Heather Hurlburt wrote for Foreign Affairs about the history of U.S. trade policy and the need to rebuild national consensus:
In response to the battering that the Trans-Pacific Partnership (TPP) has taken during the presidential campaign this year, U.S. President Barack Obama has made the geostrategic case for trade—calling it the “foundation of U.S. national security.” But some opponents of the deal, from Republican presidential nominee Donald Trump to organized labor, have countered that the security case is a last-minute ploy to secure congressional votes. They couldn’t be more wrong.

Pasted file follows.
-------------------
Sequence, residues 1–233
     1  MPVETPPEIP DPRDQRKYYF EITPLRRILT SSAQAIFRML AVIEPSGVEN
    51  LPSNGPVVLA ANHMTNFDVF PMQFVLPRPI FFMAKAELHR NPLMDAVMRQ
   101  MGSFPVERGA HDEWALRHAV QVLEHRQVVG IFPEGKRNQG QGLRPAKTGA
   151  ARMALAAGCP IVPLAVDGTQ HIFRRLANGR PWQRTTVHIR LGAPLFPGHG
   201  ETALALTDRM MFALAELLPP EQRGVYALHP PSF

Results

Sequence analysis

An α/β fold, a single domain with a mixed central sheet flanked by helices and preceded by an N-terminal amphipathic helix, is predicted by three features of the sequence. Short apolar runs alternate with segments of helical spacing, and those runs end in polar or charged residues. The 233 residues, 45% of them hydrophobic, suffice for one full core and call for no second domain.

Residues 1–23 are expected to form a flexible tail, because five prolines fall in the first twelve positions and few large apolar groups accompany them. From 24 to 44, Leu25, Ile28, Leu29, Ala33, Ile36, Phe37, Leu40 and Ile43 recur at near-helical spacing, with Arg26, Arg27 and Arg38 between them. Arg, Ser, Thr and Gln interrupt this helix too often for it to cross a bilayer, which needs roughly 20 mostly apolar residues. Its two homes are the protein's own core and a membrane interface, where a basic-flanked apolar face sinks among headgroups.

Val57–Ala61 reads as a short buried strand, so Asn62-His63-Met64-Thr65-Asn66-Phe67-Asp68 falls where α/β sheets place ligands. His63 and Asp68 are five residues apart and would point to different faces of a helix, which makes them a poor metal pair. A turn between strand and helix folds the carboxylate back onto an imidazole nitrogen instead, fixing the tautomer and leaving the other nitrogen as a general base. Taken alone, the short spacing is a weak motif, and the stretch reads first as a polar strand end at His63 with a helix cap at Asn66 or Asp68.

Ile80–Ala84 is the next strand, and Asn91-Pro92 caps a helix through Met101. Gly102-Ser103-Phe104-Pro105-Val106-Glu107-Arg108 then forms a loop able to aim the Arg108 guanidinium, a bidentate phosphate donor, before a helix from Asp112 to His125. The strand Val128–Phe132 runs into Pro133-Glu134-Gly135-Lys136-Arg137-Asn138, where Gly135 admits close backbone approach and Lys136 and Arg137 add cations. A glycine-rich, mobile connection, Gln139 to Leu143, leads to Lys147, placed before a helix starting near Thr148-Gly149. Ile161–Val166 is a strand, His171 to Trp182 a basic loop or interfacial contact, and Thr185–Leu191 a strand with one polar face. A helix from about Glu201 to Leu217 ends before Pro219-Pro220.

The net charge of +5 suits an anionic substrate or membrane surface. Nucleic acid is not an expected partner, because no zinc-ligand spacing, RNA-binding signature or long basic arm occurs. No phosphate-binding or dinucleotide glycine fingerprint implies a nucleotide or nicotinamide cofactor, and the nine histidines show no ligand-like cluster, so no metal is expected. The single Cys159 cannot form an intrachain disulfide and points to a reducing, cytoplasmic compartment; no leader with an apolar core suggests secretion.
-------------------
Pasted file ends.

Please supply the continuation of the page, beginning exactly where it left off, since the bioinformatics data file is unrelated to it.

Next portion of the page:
The idea of trade as national security dates back to the United States’ earliest days. The 200-year-old concept received a boost from a White House that saw trade-based security ties as an alternative to the military-first failures of the 2000s. But there’s a good reason this argument has not been the slam-dunk its originators had hoped; it relies on Cold War–era arguments when we are neither in a Cold War economy nor operating under a Cold War security framework.
It is time to reconsider the security argument for trade. A security lens could serve as a tool for evaluating and rebuilding consensus across U.S. stakeholders around what makes trade beneficial or detrimental. This begins by understanding the argument’s historical roots and updating the security case for trade so that it reflects modern concerns.